I felt very committed to teaching and teaching well.  When I started, I thought that by the questions asked by some of the students, they would not learn anything. But they worked so hard. They studied the lecture notes. They worked on additional problems to master their material. And then I could see that they were learning.

I recall one fellow who became very fond of me and gave me a gift when I left. When I first met him, I thought he would not pass the course. However, I soon observed that he would be leading one of the tutorials. Within a week and a half he was one of the leaders in the course.

What was that like being back in class?

It felt great because I really like teaching a lot. I like being in contact with students. But it’s also very different from Canada. When I’d say “good morning,” the whole class responded “good morning.” And when I’d finish my lecture, I received applause.

Well you don’t get that here.

It’s rare. The students are very respectful there.

The AIMS-Rwanda Centre is located two kilometres from Kigali
International Airport.

How do you feel about the value of the AIMS program now that you have experienced it?  

In terms of the mission of our university and being a part of the larger community - a global community - I think it has tremendous value. Some of the 45 students have written to me and said that for them it was a life-changing experience.

I was at just one of the AIMS centres. There are six of them on the continent. Cumulatively it will have a substantial impact. We are changing people - one person at a time. We’re influencing them positively.

Some of the students told me, for example, that their goal is to teach in their home country and that just by attending my class they learned a lot about how to teach mathematics. It’s fair to say the style of teaching that I do or we do in Regina and North America differ from most African countries. So I think it has tremendous value.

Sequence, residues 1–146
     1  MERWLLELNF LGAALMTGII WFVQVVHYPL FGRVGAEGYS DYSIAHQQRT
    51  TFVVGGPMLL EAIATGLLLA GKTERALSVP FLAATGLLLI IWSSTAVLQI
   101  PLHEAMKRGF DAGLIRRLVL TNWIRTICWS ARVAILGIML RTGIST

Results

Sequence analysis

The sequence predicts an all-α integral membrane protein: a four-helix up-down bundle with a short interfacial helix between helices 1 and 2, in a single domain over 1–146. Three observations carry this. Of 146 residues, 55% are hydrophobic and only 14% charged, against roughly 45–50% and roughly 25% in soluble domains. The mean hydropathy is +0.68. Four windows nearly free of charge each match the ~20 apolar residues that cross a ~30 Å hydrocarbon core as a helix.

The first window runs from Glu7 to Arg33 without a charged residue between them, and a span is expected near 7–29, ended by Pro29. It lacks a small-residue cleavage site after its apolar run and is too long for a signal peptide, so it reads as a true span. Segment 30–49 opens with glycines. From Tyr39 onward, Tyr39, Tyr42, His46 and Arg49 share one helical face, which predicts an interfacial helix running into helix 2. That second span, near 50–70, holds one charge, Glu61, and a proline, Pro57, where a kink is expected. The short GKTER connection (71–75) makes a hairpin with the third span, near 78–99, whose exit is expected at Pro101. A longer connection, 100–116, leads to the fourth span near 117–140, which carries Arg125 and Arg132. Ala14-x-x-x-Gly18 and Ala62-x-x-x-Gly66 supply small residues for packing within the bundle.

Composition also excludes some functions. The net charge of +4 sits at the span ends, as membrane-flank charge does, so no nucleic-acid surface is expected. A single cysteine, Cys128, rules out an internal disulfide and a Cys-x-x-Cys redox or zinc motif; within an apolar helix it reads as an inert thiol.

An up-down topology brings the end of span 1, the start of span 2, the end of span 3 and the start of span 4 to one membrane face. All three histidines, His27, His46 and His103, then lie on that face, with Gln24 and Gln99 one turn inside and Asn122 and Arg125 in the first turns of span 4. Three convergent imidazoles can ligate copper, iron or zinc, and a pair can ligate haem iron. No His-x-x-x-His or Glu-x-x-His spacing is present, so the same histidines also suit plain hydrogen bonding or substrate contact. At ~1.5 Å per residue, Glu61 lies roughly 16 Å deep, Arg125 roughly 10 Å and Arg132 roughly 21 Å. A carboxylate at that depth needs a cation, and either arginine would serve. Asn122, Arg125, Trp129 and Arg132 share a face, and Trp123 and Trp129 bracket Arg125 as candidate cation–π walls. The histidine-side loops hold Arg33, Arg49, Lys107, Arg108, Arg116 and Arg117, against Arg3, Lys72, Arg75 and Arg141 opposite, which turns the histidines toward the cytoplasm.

“I did not expect to have such close relationships with everybody that
I met there. That was really gratifying.” – Douglas Farenick 

This experience has had a tremendous impact on you professionally. What about personally?

On a personal level, well, I am from Regina. I work in Regina. I know we live in a global world. I have been out and about in the world. But what really surprised me was just how I could go to a place I’ve never been. A continent I’ve never been to. Spend time with 45 students I’ve never met before. With two other instructors and staff there was probably 60 people. I even got to know the security guards very well. And just to find out that they like me and that they accept me.

You begin talking to people one on one and you come to an understanding we are all the same. We are all brothers and sisters. I didn’t expect that. I did not expect to have such close relationships with everybody that I met there. That was really gratifying. I was glad it was that way, but I did not expect that. I found that quite surprising.

What advice do you have for others thinking of taking part in the AIMS program?

I am hopeful that the U of R will have a person going every year. But it has to be someone who is committed to it; is fully invested in it and understands there’s a lot involved in teaching that goes beyond the classroom. And then, understanding that you will have a diverse group of students from different countries.

Dr. Douglas Farenick is Dean of the Faculty of Science.